Disabled Advocates Rip Uber Over Lack of Accessibility

Protesters from the Taxis for All Campaign gather outside Uber's office (Photo: Will Bredderman/New York Observer).

Protesters from the Taxis for All Campaign gather outside Uber’s office (Photo: Will Bredderman/New York Observer).

More than a dozen wheelchair and seeing-eye-dog users rallied in the steamy weather today outside e-hail app Uber‘s Manhattan offices, complaining that the company’s drivers do not have cars that can accommodate disabled passengers—and accusing the tech firm of discrimination.

Just a little more than a week after the billion-dollar California-based company triumphed over Mayor Bill de Blasio’s attempt to cap the number of new for-hire cars on the road, members of the Taxis for All Campaign protested what they said was a lack of Uber vehicles that have the space and ramps needed to take on wheelchairs and other mobility equipment. They noted that the company is being sued in its home state for alleged violations of the anti-discrimination Americans with Disabilities Act.

“We can’t get a ride. Nobody in a wheelchair can get a ride with Uber,” Brooklyn resident Jean Ryan said, recalling an Uber driver who refused to take her aboard. “As soon as he saw the wheelchair, he took off.

Uber drivers are legally independent contractors, not employees—though the company skims 20 percent from their fares—and many use their personal vehicles to transport passengers.

Bill Perry of Manhattan, who told the Observer he has used a wheelchair since being wounded in the Vietnam War, argued that the largely unregulated Uber is unfair to the traditional yellow cab industry, to drivers and to people with disabilities.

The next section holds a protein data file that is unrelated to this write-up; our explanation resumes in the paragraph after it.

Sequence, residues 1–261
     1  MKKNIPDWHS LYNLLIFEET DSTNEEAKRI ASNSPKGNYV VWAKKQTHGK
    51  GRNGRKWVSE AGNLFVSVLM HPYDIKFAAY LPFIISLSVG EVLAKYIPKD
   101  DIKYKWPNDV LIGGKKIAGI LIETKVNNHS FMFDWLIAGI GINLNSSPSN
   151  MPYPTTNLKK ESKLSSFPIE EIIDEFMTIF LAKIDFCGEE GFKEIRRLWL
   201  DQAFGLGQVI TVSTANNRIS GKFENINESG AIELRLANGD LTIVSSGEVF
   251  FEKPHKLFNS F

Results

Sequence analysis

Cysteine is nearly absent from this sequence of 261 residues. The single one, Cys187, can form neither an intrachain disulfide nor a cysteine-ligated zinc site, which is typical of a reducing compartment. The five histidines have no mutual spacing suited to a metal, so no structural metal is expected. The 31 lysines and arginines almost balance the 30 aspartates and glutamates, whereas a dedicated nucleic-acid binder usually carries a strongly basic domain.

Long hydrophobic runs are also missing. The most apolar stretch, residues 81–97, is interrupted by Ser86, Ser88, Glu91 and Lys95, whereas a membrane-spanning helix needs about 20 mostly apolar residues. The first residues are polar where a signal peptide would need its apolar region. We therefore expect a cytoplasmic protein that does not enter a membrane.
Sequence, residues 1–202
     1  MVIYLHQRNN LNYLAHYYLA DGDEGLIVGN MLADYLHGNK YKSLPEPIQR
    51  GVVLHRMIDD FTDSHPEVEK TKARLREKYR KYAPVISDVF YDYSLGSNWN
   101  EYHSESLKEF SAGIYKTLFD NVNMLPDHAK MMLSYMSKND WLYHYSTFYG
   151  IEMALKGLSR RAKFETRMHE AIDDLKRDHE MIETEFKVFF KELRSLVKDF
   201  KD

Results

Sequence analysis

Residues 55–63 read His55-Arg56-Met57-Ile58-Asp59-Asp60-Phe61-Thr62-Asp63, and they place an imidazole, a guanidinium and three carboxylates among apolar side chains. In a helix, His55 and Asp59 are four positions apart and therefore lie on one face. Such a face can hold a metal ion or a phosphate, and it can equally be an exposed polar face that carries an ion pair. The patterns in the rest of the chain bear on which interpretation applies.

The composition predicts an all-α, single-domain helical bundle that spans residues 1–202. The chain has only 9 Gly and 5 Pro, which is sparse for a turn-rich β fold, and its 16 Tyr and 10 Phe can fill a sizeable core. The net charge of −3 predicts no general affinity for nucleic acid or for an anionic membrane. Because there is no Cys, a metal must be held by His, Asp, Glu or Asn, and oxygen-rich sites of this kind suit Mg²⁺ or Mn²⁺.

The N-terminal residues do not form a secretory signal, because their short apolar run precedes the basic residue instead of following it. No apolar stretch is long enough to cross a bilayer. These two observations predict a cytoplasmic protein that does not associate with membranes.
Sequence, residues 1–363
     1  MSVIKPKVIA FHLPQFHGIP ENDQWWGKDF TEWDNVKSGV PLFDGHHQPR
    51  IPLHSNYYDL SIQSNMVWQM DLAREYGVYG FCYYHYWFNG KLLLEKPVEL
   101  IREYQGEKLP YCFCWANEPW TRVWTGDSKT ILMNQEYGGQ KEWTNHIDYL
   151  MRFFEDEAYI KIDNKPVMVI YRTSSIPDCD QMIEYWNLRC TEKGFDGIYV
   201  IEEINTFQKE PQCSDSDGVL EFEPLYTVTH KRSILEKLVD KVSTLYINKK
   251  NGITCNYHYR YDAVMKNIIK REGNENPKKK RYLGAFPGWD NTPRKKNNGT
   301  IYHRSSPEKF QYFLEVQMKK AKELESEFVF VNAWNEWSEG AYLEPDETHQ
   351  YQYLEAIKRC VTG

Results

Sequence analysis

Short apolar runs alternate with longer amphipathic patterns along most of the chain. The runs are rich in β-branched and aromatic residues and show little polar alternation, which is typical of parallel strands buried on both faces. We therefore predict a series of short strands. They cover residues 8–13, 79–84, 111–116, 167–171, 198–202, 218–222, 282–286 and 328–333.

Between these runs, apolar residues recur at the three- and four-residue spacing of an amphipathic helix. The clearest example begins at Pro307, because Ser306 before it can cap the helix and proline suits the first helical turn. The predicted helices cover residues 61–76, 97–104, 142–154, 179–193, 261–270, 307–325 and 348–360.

“If disabled people aren’t getting a fair shake, nobody can get a fair shake,” he said, though he admitted he personally does not use cabs often. “I would certainly like people in the same boat I’m in to have the same service and a fair shake.”

The Taxis for All Campaign sparred with the city’s regulator Taxi and Limousine Commission for more ADA compliant yellow cabs for years, ultimately winning the promise that 50 percent of the traditional taxis would be accessible to the disabled by 2020. The demonstrators today said they feel they must fight the same battle over again now with Uber.

“At least with the yellow cabs, we had some headway after all the years of campaigning. But with the Uber, we’ll just have to do the same,” said Milagros Franco, who works for the Brooklyn Center for the Independence of the Disabled. “They have no accessible vehicles. They’re a multi-million dollar company and they have the nerve to come out with cars that are not accessible. It’s insulting.”

Uber did not immediately respond to requests for comment. Disabled Advocates Rip Uber Over Lack of Accessibility